Cloud Native Cache

In this blog we shall look at cloud optimised cache rather I should say cloud native Pivotal Cloud Cache service (PCC). It is a fully managed high performant, highly available, low latency in-memory caching service that a developer can quickly spin up and start consuming in few minutes. It is based on Gemfire/Geode and with every release it is getting on-par with Gemfire in terms of feature parity.

We shall go through in this blog on how effortless creating a spring boot based cache locally and at the same time how easy the same code bits can be deployed on a platform like PCF without any changes. As always Spring is great at developer productivity and the opinionated part of spring-boot does most of the things out of the box with few self explanatory annotations in place.

Running an Embedded Server

As the usual norm with spring-boot, a simple annotation would get us started. Annotate the main class as,

to get started. This runs an embedded spring-boot based PCC server that will have both manager and locator part of it in. @EnableLocator and @EnableManager annotations would start these services in the same instance. If default values need to be changed, let’s say locator listen port needs to be custom configured, then @EnableLocator(port=20388) would start the locator process at the specified port. In a similar way other options can be configured for manager and cache server. Having said that, defaults would do good in most of the cases and there is no need to change these values.

Next is to create a data region which is the core building block as all of the data reads and writes are done against them.

When it comes to build dependency spring-gemfire-starter would get us right into the game apart from the usual starter-web, test and actuator.

This completes the server side portion. Build and run the project to start the embedded server. Source bits are available at,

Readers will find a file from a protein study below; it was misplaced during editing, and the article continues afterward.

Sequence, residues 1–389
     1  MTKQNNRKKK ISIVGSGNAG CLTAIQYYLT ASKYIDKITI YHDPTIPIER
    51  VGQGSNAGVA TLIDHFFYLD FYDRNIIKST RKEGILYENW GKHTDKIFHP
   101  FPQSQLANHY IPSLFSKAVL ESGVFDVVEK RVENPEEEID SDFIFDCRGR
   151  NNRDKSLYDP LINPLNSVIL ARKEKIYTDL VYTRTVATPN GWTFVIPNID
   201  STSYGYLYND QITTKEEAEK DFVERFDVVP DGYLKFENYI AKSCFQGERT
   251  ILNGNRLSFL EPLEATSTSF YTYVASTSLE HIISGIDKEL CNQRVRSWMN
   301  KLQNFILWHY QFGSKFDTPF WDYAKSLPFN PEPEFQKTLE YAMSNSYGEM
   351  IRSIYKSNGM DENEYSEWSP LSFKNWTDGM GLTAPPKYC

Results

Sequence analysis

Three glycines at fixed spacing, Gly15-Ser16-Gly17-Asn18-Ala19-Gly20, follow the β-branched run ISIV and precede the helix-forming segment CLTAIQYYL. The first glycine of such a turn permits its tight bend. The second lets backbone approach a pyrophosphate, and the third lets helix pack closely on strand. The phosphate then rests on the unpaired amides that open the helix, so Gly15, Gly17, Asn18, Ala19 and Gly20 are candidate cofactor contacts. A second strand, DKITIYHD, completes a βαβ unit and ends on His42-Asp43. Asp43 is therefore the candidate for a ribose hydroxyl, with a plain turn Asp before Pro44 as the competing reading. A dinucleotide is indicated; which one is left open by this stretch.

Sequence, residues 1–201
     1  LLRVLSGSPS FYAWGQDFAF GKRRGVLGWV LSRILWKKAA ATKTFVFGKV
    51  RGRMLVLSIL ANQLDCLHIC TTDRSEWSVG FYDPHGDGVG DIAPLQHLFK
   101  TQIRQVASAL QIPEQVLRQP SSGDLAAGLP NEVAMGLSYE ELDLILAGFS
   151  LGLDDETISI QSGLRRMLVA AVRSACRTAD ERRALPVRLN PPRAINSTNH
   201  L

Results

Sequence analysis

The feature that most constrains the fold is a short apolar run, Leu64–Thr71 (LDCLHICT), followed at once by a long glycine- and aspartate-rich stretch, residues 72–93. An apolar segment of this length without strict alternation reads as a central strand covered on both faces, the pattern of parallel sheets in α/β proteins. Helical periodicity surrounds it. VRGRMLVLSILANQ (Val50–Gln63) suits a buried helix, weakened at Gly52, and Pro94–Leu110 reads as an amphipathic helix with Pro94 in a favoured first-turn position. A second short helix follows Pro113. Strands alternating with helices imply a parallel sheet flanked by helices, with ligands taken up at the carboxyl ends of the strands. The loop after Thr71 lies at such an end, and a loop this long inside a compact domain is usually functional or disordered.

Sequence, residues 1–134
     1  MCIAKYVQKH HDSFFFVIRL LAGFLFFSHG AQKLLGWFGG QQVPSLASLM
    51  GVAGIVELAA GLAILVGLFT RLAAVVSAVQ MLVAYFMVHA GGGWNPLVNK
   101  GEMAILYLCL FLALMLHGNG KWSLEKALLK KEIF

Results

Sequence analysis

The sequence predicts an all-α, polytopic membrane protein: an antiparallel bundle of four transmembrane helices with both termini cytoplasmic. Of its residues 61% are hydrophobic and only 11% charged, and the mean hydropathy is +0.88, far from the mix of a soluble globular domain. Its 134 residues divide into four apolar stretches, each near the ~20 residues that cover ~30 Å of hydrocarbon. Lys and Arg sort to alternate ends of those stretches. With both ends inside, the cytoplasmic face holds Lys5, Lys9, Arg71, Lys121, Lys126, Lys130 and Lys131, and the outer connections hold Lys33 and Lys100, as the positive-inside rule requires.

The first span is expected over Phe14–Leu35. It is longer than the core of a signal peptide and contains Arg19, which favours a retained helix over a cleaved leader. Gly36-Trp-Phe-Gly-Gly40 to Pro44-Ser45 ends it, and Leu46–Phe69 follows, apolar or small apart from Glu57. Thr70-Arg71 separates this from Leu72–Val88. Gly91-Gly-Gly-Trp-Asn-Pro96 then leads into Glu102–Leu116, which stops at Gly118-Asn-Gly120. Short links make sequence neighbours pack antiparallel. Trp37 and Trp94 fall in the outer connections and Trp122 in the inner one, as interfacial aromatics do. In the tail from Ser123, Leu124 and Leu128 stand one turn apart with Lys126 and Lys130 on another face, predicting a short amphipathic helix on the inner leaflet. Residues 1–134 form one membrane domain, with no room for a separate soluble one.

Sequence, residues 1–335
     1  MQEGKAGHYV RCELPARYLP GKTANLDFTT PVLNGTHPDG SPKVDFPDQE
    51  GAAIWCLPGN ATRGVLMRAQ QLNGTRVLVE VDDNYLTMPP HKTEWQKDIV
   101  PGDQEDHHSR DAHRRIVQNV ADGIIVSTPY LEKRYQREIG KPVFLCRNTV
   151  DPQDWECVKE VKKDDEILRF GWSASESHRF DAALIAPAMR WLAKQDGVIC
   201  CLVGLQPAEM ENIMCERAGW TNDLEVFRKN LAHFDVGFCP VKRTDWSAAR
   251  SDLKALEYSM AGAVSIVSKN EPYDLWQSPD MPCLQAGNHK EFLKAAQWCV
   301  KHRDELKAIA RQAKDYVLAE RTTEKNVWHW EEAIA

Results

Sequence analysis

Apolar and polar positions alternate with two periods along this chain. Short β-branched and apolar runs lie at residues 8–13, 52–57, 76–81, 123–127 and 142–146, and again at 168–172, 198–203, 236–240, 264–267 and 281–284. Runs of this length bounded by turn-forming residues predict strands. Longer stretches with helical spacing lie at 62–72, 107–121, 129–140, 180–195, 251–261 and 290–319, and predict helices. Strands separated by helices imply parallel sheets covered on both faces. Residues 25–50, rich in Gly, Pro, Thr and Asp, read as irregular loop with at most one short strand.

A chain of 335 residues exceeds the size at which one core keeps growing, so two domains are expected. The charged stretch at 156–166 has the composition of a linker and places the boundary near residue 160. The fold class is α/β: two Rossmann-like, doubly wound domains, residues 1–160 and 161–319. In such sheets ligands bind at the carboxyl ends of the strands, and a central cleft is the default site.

Running a Local Cache Client

Let’s start with the build dependency. Apart from starter-web, test and actuator, following modules are required,

Cloud and Local connectors are required for auto configuration of the local/cloud service instance with the cache client when the connectivity details are either hard-coded or injected as system environment variables. This is again all spring-boot stuff.

As always with spring-boot, a simple annotation would get us started. Annotate the Configuration class with @ClientCacheApplicationto get started with client cache configuration along with the following annotations,

  • @ClientCacheApplication marks it to be a cache client app
  • @EnableEntityDefinedRegions marks spring application to enable the creation of Regions based on the application persistent entities
  • @EnableGemfireRepositories marks spring application to enable repos
  • @EnableCaching is the spring abstraction for cache management

If defaults need to be changed, let's say connection parameters, then a parameterised annotation `@ClientCacheApplication(maxConnections = 100, minConnections = 10) would set the connection max and min limit as 100 and 10. In a similar way, other options can be modified/tweaked accordingly either through annotations or through* properties.

Next is to define the same region that we used in the server application. Define it by annotating a domain object with @Region annotation.

Define a repository to act on the region to do operations like save, find etc.- the usual spring data stuff.

Finally use spring caching annotation to save data to the cache server @Cacheable(value = “cars”). This is based on look aside pattern. When there is a cache miss, data will be put into the server automatically by spring caching abstraction. On subsequent calls, data will be served from the cache layer. Other annotations like @CacheEvict, @CachePut etc. can be used as well. This pretty much covers the client side portion. Build and run the project with VM arguments start the client side application. spring-cloud-gemfire-localconfig-connector dependency creates a GemfireServiceInfo using this connector VM arguments. Reference source bits are available at,

Running the same Local Cache Client on PCF

First download PCC tile from

PCC Tile

Configure the plans through OpsManager and install the tile


Once the installation is done, we can find PCC service in the marketplace. Login to AppsManager and look for the service,

cf marketplace

Next create a service using one of the available plans,

cf create-service p-cloudcache dev-plan pcc-ds
cf create-service-key pcc-ds pcc-client-key

Next, download gfsh cli from and then connect using the service-key creds

Once connected, create the same pcc cache region,

That’s it. This completes the service configuration. All we have to do to run the client application is to do a simple cf push.


No code change, nothing is required. A simple cf push would do the heavy lifting and run the container automatically.



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